by Johnny Bardine
We left for Charlotte at 7 am on Sunday morning in a rented platinum Hyundai Genesis. It may have something to do with the fact that I drive a 2000 Jeep Wrangler that doesn't even havepower locks, but this is easily the greatest car ever made. (And just to clarify--because I already feel guilty for having written that last sentence--I love my Jeep and can't imagine driving anything else). It's an odd circumstance to leave the city that just hosted the political convention for the party you loathe to head to city hosting the political convention for the party you (mostly) love. But here I am. It's made even odder when you're heading to Charlotte without having much of a plan at all. But--again--here I am. Political conventions are all about credentials--literally--and I had none for anything. My convention buddy Shari is doing some work for The New York Times so she's covered. Conversely, I've nothing but a dream and a rag tag group of better-connected and generous friends such that I am confident I'll be able to cobble together some fairly undeserved access.
But the best part about having no plans is that weird shit happens.
With that in mind, I found myself speeding Sunday afternoon toward the Hendrick Motorsports Speedway in Concord, North Carolina. For reasons too bizarre to describe here, I'm headed to a reception for Representative Corinne Brown (D-FL). I know what you're thinking: isn't it weird for a black congresswoman to host a Labor Day BBQ at a NASCAR track? Plainly, yes, it's very weird. There've been exactly three African American NASCAR drivers in history and I'm about to meet one--Berkely-educated Orlando native Bill Lester. He's a fan of the congresswoman and with good reason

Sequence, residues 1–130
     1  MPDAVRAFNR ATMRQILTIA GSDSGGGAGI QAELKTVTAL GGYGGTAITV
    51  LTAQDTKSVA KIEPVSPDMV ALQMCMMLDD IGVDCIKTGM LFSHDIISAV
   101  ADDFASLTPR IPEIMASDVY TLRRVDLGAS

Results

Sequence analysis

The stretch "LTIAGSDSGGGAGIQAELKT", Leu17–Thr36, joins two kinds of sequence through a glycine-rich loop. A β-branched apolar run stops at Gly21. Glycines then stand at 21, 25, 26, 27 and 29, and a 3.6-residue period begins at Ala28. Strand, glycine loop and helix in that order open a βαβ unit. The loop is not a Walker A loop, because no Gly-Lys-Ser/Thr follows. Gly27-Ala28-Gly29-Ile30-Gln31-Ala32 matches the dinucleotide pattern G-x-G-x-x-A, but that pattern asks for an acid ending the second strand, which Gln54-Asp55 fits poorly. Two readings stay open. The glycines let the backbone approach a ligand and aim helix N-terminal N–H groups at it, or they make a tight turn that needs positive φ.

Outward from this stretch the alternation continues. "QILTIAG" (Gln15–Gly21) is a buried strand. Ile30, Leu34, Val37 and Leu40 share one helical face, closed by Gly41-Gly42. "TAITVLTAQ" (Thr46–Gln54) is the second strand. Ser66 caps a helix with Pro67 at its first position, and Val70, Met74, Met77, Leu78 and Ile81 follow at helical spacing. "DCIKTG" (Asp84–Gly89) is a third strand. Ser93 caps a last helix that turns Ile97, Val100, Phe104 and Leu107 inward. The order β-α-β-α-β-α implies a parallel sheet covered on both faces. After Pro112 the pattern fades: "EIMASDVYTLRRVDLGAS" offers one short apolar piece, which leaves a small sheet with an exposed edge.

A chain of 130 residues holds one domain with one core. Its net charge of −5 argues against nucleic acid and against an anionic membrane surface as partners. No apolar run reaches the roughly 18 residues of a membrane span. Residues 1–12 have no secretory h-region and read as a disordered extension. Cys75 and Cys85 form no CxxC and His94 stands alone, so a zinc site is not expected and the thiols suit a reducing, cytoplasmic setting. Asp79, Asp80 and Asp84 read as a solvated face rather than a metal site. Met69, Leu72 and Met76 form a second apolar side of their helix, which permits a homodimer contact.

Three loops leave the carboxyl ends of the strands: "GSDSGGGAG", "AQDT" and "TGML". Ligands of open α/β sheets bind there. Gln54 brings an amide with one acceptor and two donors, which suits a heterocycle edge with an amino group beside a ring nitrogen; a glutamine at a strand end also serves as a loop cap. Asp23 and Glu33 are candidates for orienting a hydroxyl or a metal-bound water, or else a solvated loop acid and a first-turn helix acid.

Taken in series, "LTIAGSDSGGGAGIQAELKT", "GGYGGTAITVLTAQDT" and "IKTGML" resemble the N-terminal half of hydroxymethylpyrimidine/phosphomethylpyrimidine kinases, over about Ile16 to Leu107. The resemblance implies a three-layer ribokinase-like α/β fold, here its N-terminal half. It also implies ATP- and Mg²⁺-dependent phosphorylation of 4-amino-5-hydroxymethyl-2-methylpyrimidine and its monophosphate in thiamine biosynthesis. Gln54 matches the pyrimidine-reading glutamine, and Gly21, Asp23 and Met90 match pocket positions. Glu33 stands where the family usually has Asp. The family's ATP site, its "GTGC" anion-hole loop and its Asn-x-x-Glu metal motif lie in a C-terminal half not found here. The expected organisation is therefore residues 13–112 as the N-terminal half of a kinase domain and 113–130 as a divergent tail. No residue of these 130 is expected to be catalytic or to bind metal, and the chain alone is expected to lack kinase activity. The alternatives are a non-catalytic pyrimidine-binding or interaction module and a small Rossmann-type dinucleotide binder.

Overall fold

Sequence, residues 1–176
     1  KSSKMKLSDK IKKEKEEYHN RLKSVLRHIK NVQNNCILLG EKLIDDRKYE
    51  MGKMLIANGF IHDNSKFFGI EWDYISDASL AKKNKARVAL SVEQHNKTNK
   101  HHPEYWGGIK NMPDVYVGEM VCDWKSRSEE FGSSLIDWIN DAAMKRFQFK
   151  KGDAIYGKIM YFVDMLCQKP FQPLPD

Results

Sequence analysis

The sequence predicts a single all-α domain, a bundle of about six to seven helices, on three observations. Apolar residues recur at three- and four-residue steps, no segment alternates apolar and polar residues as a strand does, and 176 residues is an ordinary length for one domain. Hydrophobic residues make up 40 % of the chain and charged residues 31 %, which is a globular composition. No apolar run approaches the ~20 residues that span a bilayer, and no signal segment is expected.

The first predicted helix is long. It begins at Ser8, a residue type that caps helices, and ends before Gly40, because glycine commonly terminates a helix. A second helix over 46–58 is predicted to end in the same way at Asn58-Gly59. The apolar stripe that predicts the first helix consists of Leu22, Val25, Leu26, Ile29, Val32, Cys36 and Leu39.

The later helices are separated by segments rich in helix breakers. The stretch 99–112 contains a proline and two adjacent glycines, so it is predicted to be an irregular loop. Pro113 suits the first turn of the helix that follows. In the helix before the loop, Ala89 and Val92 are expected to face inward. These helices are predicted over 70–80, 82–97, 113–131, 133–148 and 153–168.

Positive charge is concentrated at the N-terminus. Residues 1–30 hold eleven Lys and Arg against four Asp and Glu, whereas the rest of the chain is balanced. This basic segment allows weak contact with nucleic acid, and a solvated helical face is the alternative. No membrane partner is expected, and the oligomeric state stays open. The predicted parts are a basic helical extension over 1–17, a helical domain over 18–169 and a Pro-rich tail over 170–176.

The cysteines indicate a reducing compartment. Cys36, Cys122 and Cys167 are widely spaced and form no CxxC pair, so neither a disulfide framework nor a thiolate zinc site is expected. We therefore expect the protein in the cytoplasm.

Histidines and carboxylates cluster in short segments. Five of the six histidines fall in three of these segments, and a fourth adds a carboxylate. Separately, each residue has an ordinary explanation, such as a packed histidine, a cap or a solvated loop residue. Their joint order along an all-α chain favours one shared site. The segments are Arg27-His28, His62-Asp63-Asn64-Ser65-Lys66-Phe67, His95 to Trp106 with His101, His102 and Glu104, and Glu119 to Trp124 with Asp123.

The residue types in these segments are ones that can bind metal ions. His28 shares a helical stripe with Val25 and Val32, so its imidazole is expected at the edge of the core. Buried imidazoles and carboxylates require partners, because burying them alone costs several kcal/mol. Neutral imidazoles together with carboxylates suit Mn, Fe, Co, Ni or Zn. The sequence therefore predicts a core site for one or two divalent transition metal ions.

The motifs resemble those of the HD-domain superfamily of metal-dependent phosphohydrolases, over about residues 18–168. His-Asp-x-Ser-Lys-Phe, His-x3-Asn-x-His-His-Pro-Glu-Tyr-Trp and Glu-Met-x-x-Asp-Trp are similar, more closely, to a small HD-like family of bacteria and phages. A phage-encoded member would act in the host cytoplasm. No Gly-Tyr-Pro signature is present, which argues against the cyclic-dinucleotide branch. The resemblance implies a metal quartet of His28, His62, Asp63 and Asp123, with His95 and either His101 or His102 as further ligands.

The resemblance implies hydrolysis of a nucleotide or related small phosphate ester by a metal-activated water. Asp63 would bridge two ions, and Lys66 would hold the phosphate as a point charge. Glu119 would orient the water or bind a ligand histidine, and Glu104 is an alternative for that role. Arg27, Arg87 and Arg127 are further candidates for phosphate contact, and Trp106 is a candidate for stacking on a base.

Corinne Brown is awesome. I know she is awesome because when she emerged from her SUV she was wearing what can only be described as a bedazzled warmup suit. This made me a) feel less bad about the powder blue pants and flip flops I was wearing; and b) instantly like her. And the party was amazing. Here are the highlights:
- I essentially had an intimate, sexual relationship with a plate of shrimp and grits; - I talked Bama football with The Honorable Vincent C. Gray, Mayor of Washington, D.C.; - I met THE Reverend Jesse Jackson; - I shared a bowl of barbecue potato chips with Congresswoman Brown; - I did the Cha Cha Slide with a group of middle-aged black women, making history as the only time that dance has been done at a NASCAR track.
it was every bit as strange and as fun as it sounds. And would have been impossible if I had tried to plan it.
That night I went to an OFA-hosted party for bloggers, where I found myself in the unusual position of being the coolest guy in the room. My friend Joe invited me. Joe is well-known in digital media circles and that's certainly an understatement. And it quickly becomes obvious that Joe is going to be integral to solving the credential situation. He wastes no time as he quickly produces VIP passes to see The Roots -- a well-known band Ben Kirby has never heard of -- perform down the street. By this time, I'd already imbibed several beers with the nerds and was ready to throw down on some nasty neo-soul with similarly well-credentialed people.
Following the show, we ambled down to the diner where I watched Joe consume more food than I've ever seen a human ingest.
The night portends a good rest of the convention and I've even managed to embrace Charlotte, with its open display of godless Socialism in the form of bikeshare and lightrail.
I'll check back tomorrow--assuming I haven't out-vodka'ed myself--and I'll tell you about how I lied myself into volunteering at the convention center and finagled floor seats to see the First Lady speak.
This was a guest post from Johnny Bardine, who used to blog at his own site until he quit to win political races in St. Petersburg. Mr. Bardine is an expectant father, Obama '08 staff, an attorney, and a political consultant. He has traveled to Charlotte for the Democratic National Convention with Shari Hazlett, his consulting partner, who is doing work for the New York Times. So you could see why he'd want to contribute here.
For the record, I have heard of The Roots. They once performed on an episode of Yo Gabba Gabba, one of Emeline's favorites.